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Lancet. 2019 Sep 21;394(10203):1030-1040. doi: 10.1016/S0140-6736(19)31946-4. Epub 2019 Aug 16.

Fremanezumab versus placebo for migraine prevention in patients with documented failure to up to four migraine preventive medication classes (FOCUS): a randomised, double-blind, placebo-controlled, phase 3b trial.

Author information

1
Leiden University Medical Centre, Leiden, Netherlands. Electronic address: m.d.ferrari@lumc.nl.
2
Universitätsklinikum Essen, Essen, Germany.
3
Teva Pharmaceuticals Industries, Frazer, PA, USA.
4
Teva Pharmaceuticals, Amsterdam, Netherlands.
5
Teva Pharmaceutical Industries, Petah Tikva, Israel.
6
Danish Headache Centre, Department of Neurology, Rigshospitalet Glostrup, Faculty of Health and Medical Sciences, University of Copenhagen, Denmark.

Erratum in

Abstract

BACKGROUND:

Antibodies targeting calcitonin gene-related peptide (CGRP) or its receptor have shown efficacy in the prevention of migraine attacks. We investigated the efficacy and tolerability of fremanezumab, a fully humanised CGRP antibody, in patients with migraine who had previously not responded to two to four classes of migraine preventive medications.

METHODS:

The randomised, double-blind, placebo-controlled, parallel-group, phase 3b FOCUS trial was done at 104 sites (including hospitals, medical centres, research institutes, and group practice clinics) across Belgium, the Czech Republic, Denmark, Finland, France, Germany, Italy, the Netherlands, Poland, Spain, Sweden, Switzerland, the UK, and the USA. We enrolled participants aged 18-70 years with episodic or chronic migraine who had documented failure to two to four classes of migraine preventive medications in the past 10 years. Failure was defined as no clinically meaningful improvement after at least 3 months of therapy at a stable dose, as per the treating physician's judgment; discontinuation because of adverse events that made treatment intolerable; or treatment contraindicated or unsuitable for the preventive treatment of migraine for the patient. Participants were randomly assigned (1:1:1) by electronic interactive response technology to subcutaneously administered quarterly fremanezumab (month 1, 675 mg; months 2 and 3: placebo), monthly fremanezumab (month 1: 225 mg in episodic migraine and 675 mg in chronic migraine; months 2 and 3: 225 mg in both migraine subgroups), or matched monthly placebo for 12 weeks. The primary outcome was mean change from baseline in the monthly average number of migraine days during the 12-week treatment period. This trial is registered with ClinicalTrials.gov, number NCT03308968, and is now completed.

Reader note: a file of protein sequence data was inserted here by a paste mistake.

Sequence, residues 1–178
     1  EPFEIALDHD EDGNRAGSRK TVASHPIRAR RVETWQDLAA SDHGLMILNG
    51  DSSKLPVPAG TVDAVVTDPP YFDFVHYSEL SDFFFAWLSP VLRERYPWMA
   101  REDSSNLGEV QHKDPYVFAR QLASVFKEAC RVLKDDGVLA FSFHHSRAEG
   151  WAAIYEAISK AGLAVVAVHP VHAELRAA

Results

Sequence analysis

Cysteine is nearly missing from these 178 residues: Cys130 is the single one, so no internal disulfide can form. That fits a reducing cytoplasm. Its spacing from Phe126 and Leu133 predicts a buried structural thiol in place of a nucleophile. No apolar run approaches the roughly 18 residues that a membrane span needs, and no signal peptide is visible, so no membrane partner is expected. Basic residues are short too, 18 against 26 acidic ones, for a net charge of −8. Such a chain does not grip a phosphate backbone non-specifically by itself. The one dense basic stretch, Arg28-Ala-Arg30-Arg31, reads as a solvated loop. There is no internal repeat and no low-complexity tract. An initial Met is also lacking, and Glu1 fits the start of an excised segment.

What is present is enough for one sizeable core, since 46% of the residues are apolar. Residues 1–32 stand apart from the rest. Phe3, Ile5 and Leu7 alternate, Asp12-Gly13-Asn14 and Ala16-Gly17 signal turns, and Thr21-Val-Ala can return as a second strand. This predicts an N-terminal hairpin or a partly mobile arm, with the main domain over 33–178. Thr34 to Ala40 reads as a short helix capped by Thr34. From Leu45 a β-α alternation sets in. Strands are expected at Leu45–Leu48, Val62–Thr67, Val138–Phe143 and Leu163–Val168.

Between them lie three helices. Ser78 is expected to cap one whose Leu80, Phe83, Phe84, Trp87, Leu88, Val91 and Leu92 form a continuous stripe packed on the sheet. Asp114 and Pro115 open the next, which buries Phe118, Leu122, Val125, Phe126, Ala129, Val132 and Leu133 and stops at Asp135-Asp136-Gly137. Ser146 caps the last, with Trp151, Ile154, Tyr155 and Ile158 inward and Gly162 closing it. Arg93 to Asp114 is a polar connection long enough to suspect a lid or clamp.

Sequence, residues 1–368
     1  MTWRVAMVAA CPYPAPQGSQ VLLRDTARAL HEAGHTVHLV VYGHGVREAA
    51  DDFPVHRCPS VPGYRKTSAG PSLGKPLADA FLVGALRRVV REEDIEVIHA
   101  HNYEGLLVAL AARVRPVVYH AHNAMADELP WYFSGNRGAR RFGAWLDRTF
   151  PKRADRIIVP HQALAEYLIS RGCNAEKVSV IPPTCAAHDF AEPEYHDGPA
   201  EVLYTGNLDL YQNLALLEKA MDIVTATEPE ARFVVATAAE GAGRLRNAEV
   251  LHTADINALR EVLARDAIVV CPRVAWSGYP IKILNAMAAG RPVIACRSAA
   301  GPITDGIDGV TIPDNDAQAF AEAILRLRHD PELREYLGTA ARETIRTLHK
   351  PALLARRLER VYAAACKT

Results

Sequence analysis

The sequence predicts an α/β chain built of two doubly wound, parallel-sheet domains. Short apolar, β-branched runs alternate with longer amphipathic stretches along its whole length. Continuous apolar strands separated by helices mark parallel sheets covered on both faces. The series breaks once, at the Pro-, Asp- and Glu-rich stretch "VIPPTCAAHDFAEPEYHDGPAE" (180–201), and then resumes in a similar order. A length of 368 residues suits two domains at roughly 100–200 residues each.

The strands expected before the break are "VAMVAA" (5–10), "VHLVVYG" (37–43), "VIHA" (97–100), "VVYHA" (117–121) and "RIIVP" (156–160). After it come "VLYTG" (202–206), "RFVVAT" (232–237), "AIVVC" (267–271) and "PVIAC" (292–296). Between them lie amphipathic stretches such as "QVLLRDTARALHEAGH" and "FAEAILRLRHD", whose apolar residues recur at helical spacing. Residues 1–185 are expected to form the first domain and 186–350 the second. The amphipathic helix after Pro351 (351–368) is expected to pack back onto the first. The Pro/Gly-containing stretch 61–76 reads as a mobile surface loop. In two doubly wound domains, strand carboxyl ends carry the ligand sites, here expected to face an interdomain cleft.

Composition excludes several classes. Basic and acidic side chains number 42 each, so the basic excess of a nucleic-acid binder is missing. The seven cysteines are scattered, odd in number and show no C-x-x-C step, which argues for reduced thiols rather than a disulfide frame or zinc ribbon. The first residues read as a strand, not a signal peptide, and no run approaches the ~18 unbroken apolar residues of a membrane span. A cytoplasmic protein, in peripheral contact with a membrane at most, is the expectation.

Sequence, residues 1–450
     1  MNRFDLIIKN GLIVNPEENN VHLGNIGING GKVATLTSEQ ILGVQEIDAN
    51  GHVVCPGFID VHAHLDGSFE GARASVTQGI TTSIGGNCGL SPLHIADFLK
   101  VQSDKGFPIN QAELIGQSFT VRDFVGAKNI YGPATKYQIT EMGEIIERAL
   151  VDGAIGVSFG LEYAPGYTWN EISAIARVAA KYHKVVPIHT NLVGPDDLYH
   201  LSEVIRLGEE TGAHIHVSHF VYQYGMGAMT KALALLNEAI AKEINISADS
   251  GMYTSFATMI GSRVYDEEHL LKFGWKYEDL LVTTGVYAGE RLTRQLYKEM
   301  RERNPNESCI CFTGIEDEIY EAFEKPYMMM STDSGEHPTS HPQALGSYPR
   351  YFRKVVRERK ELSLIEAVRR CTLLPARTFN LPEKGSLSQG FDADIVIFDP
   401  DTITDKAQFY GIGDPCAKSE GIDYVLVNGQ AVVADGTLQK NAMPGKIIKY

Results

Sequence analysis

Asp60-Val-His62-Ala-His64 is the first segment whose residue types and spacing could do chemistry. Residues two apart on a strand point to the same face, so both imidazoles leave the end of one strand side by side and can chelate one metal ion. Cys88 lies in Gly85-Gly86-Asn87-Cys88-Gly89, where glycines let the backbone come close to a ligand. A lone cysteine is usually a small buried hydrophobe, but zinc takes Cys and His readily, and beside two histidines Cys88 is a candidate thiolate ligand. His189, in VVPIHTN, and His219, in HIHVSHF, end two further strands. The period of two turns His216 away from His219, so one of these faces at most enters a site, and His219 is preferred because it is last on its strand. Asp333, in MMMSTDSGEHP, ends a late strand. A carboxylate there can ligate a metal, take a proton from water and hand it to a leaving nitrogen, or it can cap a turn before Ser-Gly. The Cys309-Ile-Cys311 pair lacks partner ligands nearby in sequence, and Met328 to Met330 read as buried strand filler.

FINDINGS:

Between Nov 10, 2017, and July 6, 2018, 838 participants with episodic (329 [39%]) or chronic (509 [61%]) migraine were randomly assigned to placebo (n=279), quarterly fremanezumab (n=276), or monthly fremanezumab (n=283). Reductions from baseline in monthly average migraine days over 12 weeks were greater versus placebo (least-squares mean [LSM] change -0·6 [SE 0·3]) with quarterly fremanezumab (LSM change -3·7 [0·3]; LSM difference vs placebo -3·1 [95% CI -3·8 to -2·4]; p<0·0001) and with monthly fremanezumab (LSM change -4·1 [0·34]; LSM difference vs placebo -3·5 [-4·2 to -2·8]; p<0·0001). Adverse events were similar for placebo and fremanezumab. Serious adverse events were reported in four (1%) of 277 participants with placebo, two (<1%) of 276 with quarterly fremanezumab, and four (1%) of 285 with monthly fremanezumab.

INTERPRETATION:

Fremanezumab was effective and well tolerated in patients with difficult-to-treat migraine who had previously not responded to up to four classes of migraine preventive medications.

FUNDING:

Teva Pharmaceuticals.

PMID:
31427046
DOI:
10.1016/S0140-6736(19)31946-4
[Indexed for MEDLINE]

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